The best laptops and tablets for drawing make it easier to create and fine-tune your digital art
Tablets and laptops for artists are geared around two key factors: performance and workflow. Running the best drawing software and graphic design software can be resource-intensive, so like the best laptops for graphic design, drawing tablets and laptops need serious power. They also need to streamline creative processes, with vivid, high-resolution screens that bring every digital detail to life.
To help you find the right portable, we’ve tested the best laptops for drawing and the best tablets for digital art. As part of a rigorous testing process, we’ve examined every spec from portability and performance to screen quality and battery life. And with an eye on value for money, our picks include Windows, Android, and Apple tablets and laptops for artists across a range of budgets.
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The best laptops and tablets for drawing in 2023
This computer attempts to bridge the gap between a laptop and a tablet, by being either, whenever you need to. On the surface, it looks like a sleek traditional portable computer, but you can flip the screen entirely back, and use it as a touchscreen enabled tablet-like device.
The biggest upgrade on the HP Spectre x360 (2021) over the previous model are its components and performance, with the laptop being a showcase for Intel’s latest mobile processors. Overall, as a result of the new CPU, along with a hefty 16GB of RAM, this machine is a great little performer, with Windows 10 feeling fast and responsive. Multi-tasking, with numerous apps open at once, alongside plenty of Edge tabs too, didn’t really slow down its performance, either.
One of the biggest quality of life improvements Intel is pushing with its Intel Evo platform is long battery life, and the HP Spectre x360 doesn’t disappoint here. It lasted an excellent 11 hours and 22 minutes in our own battery life test, which loops a 1080p video file at 50% brightness until the battery dies.
Overall it’s a great and powerful portable machine, albeit pricey, which will do whatever you need it to.
Read our full HP Spectre x360 (2021) review
This Dell’s 4K display is simply incredible. Dell sent us the 4K touch version, and while the OLED Dell XPS 13 is still better – it is OLED after all – this is still one of the best laptop displays we've used, and it’s excellent for media work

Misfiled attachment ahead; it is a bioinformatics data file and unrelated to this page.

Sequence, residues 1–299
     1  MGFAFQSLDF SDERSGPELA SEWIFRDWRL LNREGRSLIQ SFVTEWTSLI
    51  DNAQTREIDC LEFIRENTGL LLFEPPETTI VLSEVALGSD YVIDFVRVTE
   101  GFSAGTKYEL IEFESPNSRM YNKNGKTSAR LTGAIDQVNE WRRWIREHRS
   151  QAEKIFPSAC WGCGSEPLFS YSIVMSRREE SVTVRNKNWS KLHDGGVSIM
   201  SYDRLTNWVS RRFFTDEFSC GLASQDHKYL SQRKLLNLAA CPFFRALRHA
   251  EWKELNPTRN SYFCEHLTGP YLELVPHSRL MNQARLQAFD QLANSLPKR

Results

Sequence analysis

Because this laptop is packed with an 11th-generation Intel Core processor and an Nvidia GeForce RTX 3060, it probably shouldn't be super surprising that it absolutely chews through most workloads.
Where this laptop really shines though, is in creative workloads, where that 4K display can really shine. Whether you're working in Adobe Premiere, Photoshop or Blender, you're going to save more time on this laptop than with the latest MacBook Pro, and that's largely thanks to the CUDA cores in the RTX 3060 here.
Combine the powerful discrete graphics with the RAM and the powerful, high-wattage H-series processor and this is a laptop you can use to edit video in 4K on the road without making it a total exercise in frustration.
The only major downside to this laptop for drawing & artwork is that all this power and performance comes at a price, but you do get what you pay for.
Read our full Dell XPS 17 (2021) review
Typically, 2-in-1 laptops have a 16:9 aspect ratio, which means they're nearly twice as long as they are wide. That can make them feel cramped when drawing on them. Not so with the Spin 5: its 3:2 ratio is absolutely fantastic in that regard.
The included stylus is small and can feel a bit flimsy, but since it's got its own charging and housing port on the side of the laptop, it's much less likely to get lost or broken than those shipped with other 2-in-1s.
Arguably one of the stylus’ most useful features, should it run out of power, is the ultra-fast charging system: just plug it back into the laptop for around 15-20 seconds, and you’ll get about 90 minutes' worth of charge.
The Spin 5 doesn't look like it’s going to be as powerful as it actually is. Squeezed into its slender chassis is the latest Intel Ice Lake mobile processors with Intel's new Iris Plus integrated GPU, which does a respectable job for integrated graphics.
As for multitasking, the Spin 5 is a champ. These processors chew through all but the most demanding apps without breaking a sweat. What's more, the 16GB of RAM are going to make memory-hungry apps like Adobe Photoshop much more manageable.
Read our full Acer Spin 5 review